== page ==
By combining the different strengths of our partner universities in medical and related digital technologies, innovation and commercialisation, we provided capacity and capability in medtech that far exceeded that offered by a single institution.

In this content we share our practices and approaches for building an effective consortium, which in our experience, enabled us to scale our activities more effectively. This guide is useful for academics and knowledge exchange practitioners.

10 Steps to building an effective multi-partner consortium

Bridging the innovation funding gap: Maximising proof of concept success

This free good-practice guide for knowledge exchange and commercialisation professionals introduces a new, holistic approach to proof of concept schemes for any sector.

Bridging the innovation funding gap: Maximising proof of concept success

From good to great: What makes a great innovation funding proposal

Funding applications can be daunting, whether it is for large or small sums of money. And they can make or break a project. Grow MedTech’s Opportunity Management Panel answer questions on what takes an innovation funding proposal from good to great. This guide is useful for academics, researchers and knowledge exchange practitioners.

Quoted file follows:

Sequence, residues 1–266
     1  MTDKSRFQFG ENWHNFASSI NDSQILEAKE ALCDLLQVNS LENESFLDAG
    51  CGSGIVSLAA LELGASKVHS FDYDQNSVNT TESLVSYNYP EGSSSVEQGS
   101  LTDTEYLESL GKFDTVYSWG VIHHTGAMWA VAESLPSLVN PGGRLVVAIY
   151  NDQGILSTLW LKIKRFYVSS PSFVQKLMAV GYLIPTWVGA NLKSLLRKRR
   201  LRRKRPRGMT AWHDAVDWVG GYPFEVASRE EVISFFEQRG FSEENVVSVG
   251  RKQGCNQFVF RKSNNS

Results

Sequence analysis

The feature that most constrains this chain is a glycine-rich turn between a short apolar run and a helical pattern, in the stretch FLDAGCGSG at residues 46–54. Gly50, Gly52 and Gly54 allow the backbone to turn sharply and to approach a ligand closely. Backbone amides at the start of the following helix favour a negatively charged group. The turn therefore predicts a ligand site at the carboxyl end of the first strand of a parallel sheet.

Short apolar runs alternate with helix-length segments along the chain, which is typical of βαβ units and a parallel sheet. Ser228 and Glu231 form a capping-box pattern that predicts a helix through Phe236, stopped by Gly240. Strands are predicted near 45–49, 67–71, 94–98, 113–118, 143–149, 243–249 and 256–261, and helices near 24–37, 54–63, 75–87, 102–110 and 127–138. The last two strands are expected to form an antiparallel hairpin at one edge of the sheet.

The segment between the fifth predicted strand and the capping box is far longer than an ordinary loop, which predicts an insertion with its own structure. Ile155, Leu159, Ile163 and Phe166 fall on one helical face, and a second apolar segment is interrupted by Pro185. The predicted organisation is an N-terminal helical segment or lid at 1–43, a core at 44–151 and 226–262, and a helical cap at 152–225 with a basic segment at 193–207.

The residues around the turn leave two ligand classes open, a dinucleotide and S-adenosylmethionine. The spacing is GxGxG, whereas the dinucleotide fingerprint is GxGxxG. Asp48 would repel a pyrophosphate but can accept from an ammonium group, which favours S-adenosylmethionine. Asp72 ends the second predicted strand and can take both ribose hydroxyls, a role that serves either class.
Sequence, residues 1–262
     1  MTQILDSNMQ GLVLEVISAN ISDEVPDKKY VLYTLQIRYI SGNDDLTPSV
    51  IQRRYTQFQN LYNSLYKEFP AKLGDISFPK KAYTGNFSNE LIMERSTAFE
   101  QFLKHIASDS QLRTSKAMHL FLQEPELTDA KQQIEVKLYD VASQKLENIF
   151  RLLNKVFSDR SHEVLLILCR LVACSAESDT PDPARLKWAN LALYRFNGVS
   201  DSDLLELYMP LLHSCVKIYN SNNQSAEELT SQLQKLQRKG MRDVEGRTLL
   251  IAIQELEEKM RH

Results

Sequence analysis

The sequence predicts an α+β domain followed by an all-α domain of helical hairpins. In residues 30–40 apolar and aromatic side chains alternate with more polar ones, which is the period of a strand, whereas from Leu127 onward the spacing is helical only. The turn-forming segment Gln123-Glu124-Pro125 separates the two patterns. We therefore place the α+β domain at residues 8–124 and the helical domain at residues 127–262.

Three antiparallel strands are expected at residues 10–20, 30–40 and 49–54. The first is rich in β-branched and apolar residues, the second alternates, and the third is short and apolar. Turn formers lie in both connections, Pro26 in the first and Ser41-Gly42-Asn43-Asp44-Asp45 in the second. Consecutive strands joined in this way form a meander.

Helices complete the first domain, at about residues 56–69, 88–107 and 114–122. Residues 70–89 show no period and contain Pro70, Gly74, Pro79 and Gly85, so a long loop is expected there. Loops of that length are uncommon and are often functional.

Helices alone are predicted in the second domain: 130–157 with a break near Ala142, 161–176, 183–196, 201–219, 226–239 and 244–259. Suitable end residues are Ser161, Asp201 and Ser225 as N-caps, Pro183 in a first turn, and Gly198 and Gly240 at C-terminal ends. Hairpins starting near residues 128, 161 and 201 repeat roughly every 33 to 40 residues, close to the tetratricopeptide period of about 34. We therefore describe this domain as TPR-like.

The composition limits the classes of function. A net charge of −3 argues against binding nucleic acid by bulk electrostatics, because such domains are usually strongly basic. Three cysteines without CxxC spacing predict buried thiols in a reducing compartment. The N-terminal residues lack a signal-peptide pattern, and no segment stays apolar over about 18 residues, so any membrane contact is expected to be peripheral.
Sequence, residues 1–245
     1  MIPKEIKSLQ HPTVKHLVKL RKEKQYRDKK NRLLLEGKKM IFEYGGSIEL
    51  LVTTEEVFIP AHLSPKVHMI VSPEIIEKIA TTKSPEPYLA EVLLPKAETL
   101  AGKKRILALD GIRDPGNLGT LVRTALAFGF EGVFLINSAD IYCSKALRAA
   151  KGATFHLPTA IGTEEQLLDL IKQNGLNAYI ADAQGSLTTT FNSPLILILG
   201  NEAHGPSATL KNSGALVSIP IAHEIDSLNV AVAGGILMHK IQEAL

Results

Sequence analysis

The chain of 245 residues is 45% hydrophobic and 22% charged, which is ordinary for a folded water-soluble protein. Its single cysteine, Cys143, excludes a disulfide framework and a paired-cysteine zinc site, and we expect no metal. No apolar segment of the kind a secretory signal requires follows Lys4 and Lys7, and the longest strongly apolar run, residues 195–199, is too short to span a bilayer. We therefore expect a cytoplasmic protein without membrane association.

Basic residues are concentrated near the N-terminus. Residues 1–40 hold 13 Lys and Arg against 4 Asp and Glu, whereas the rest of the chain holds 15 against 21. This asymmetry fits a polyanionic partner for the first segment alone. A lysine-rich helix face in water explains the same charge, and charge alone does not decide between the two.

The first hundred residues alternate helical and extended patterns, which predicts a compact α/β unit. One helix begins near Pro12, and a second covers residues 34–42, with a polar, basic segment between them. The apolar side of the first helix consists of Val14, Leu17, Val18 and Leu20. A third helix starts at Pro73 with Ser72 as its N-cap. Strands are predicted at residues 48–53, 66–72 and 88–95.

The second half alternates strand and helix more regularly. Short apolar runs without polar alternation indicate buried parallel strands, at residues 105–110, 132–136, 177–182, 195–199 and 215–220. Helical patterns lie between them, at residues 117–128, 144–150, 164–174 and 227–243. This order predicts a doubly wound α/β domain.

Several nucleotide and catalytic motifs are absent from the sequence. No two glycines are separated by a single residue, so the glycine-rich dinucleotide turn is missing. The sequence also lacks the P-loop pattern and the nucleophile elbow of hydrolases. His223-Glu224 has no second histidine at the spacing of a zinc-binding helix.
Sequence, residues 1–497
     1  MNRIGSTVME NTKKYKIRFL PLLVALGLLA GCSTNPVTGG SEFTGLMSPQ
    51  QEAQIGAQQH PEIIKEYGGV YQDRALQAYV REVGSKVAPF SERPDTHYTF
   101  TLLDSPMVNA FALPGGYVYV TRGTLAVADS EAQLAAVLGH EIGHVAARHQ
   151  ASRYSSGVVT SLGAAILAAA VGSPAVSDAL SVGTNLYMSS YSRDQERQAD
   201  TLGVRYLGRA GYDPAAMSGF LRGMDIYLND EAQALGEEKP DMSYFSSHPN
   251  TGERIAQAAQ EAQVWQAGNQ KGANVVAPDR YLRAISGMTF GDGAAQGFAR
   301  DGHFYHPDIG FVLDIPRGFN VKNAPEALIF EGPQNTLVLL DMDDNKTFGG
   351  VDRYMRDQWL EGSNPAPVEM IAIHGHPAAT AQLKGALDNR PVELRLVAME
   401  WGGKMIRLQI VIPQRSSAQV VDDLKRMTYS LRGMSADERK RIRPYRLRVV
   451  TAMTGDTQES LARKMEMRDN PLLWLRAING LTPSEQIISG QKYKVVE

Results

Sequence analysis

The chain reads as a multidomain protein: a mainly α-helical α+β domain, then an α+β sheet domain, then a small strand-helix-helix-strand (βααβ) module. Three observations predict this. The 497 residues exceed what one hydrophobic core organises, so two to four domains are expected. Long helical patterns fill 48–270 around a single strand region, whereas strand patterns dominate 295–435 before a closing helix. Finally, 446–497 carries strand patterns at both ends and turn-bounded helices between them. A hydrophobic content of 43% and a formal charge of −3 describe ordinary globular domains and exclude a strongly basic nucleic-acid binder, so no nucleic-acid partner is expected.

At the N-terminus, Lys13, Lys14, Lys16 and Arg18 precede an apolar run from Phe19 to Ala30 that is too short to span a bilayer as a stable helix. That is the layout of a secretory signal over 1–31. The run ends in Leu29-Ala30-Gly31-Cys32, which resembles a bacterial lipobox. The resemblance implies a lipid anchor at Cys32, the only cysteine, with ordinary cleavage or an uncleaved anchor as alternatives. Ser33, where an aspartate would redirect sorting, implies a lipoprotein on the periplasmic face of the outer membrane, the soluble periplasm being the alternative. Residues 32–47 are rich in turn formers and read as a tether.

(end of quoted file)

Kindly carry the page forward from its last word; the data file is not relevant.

From good to great: What makes a great innovation funding proposal

Big innovation, small budget: Running a successful secondment scheme

This good practice guide for knowledge exchange and commercialisation practitioners explains how temporary placement of academic, industrial, clinical and other collaborators on a shorter-term basis, with a small amount of budget, can lead to significant innovation and knowledge exchange outcomes. The guide is applicable to any sector area.

Big innovation, small budget: Running a successful secondment scheme

Investment-ready early-stage tech innovation

This good-practice guide for knowledge exchange and commercialisation practitioners explains how focusing on early-stage innovation in a proactive way – through activities that identify problems, generate new ideas, and build productive teams – leads technology innovation projects to success and later-stage adoption.

Investment-ready early-stage tech innovation